If you left your job because a boss wasn’t doing their job or the staff wasn’t holding their own weight, do not say you left because of problems in the workplace.

Employers do not want to hire someone who might not stay on if they have an issue with a co-worker.

Example answer:

If you left because you felt others were not doing their jobs and you were overworked, simply state the office was understaffed, and you wanted to find somewhere that you could grow and somewhere with stability.

7. Why do you want to work for our office?

Employers want to make sure the nurse they hire has good intentions and is applying because they are interested in the facility they are applying to, not just looking for the next job.

Take this time to do a little research on the company and use the information you find in your answer.

Example answer:

When I saw your company was hiring for a pre-op nurse, I decided to do a little research to see what your company was all about.

I noticed that you have excellent ratings and reviews.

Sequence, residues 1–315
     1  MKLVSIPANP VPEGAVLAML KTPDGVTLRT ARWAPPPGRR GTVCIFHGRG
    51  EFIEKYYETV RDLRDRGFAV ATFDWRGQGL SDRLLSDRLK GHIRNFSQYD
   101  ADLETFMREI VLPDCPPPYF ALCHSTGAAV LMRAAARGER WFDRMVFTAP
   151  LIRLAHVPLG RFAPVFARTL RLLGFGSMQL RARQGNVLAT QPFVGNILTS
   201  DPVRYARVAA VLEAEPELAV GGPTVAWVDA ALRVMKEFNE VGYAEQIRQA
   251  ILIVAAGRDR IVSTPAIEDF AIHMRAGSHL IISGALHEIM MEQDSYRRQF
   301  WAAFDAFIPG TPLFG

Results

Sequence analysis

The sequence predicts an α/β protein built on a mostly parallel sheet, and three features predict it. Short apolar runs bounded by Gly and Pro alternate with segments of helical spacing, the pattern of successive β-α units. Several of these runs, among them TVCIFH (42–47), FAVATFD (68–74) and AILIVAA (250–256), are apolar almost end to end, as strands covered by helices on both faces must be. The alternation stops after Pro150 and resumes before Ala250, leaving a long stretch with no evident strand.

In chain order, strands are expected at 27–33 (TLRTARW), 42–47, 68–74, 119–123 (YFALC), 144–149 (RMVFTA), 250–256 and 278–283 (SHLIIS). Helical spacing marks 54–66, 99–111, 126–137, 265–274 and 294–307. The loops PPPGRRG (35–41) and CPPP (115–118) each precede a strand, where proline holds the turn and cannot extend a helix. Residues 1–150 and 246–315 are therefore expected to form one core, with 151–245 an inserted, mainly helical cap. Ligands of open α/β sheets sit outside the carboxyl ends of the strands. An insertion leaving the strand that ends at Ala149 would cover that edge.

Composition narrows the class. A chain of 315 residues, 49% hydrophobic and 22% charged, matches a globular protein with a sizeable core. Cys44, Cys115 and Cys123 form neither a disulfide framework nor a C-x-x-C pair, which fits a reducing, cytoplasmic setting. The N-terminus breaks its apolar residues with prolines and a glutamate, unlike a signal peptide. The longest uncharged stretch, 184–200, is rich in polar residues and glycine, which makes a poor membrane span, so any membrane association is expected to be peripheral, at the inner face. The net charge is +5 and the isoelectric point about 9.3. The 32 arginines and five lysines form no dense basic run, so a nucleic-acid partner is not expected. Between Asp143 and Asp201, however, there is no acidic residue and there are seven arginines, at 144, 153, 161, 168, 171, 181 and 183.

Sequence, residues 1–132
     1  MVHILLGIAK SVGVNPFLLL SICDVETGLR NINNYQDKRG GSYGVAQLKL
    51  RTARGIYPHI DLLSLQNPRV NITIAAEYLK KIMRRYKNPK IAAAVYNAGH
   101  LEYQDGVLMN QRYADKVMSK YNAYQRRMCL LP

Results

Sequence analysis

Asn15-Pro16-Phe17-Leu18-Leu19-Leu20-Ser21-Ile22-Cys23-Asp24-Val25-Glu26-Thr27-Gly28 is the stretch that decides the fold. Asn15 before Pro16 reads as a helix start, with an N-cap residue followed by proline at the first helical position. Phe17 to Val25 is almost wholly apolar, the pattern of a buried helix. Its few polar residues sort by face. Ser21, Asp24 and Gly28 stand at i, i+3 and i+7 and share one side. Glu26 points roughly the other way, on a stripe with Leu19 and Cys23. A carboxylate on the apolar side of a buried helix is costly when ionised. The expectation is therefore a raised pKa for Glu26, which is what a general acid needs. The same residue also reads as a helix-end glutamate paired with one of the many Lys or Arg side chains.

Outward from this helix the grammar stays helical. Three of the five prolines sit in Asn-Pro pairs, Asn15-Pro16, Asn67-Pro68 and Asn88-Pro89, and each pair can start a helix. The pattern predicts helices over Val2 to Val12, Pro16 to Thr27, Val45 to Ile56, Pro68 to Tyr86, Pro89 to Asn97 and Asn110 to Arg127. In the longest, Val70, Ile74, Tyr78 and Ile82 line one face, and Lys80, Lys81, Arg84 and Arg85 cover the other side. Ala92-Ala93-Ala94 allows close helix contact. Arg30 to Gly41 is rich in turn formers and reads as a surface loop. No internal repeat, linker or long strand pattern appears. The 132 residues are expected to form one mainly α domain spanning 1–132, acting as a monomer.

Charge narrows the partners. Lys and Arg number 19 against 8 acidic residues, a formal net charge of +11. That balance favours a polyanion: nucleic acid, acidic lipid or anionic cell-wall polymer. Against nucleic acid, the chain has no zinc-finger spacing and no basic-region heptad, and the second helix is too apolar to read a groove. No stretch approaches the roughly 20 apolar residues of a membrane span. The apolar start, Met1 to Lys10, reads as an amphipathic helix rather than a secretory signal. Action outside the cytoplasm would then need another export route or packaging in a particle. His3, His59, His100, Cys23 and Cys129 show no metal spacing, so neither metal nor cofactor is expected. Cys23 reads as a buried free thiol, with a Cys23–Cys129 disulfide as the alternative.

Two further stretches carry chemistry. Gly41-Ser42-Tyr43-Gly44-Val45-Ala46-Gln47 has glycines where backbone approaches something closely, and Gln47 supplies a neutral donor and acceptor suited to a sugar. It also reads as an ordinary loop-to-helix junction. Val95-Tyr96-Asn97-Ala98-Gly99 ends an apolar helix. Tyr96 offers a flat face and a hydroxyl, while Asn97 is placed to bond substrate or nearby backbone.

Also, that you have spent time ensuring your equipment is not only up-to-date, but you have done a great job securing grants and donations to keep the best technology out there available to your patients.

I really admire that and would love to be a part of the team.

Conclusion: Pre-Assessment Nurse Interview Questions

Working in an operating room is high-stress whether it is before, during, or even after surgery.

It is essential that you show the interviewer you can handle high-stress situations and present yourself with confidence.

Best of luck with your upcoming pre-op nurse interview!